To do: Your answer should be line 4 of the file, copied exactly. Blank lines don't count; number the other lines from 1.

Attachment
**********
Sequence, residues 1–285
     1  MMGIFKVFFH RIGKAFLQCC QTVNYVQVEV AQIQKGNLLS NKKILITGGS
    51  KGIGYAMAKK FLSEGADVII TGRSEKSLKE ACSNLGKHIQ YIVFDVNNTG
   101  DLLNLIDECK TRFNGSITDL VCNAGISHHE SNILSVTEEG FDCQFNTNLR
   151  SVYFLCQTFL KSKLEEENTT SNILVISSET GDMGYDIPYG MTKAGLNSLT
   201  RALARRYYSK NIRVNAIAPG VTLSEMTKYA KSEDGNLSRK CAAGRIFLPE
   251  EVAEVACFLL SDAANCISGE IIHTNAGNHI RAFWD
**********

   101  DLLNLIDECK TRFNGSITDL VCNAGISHHE SNILSVTEEG FDCQFNTNLR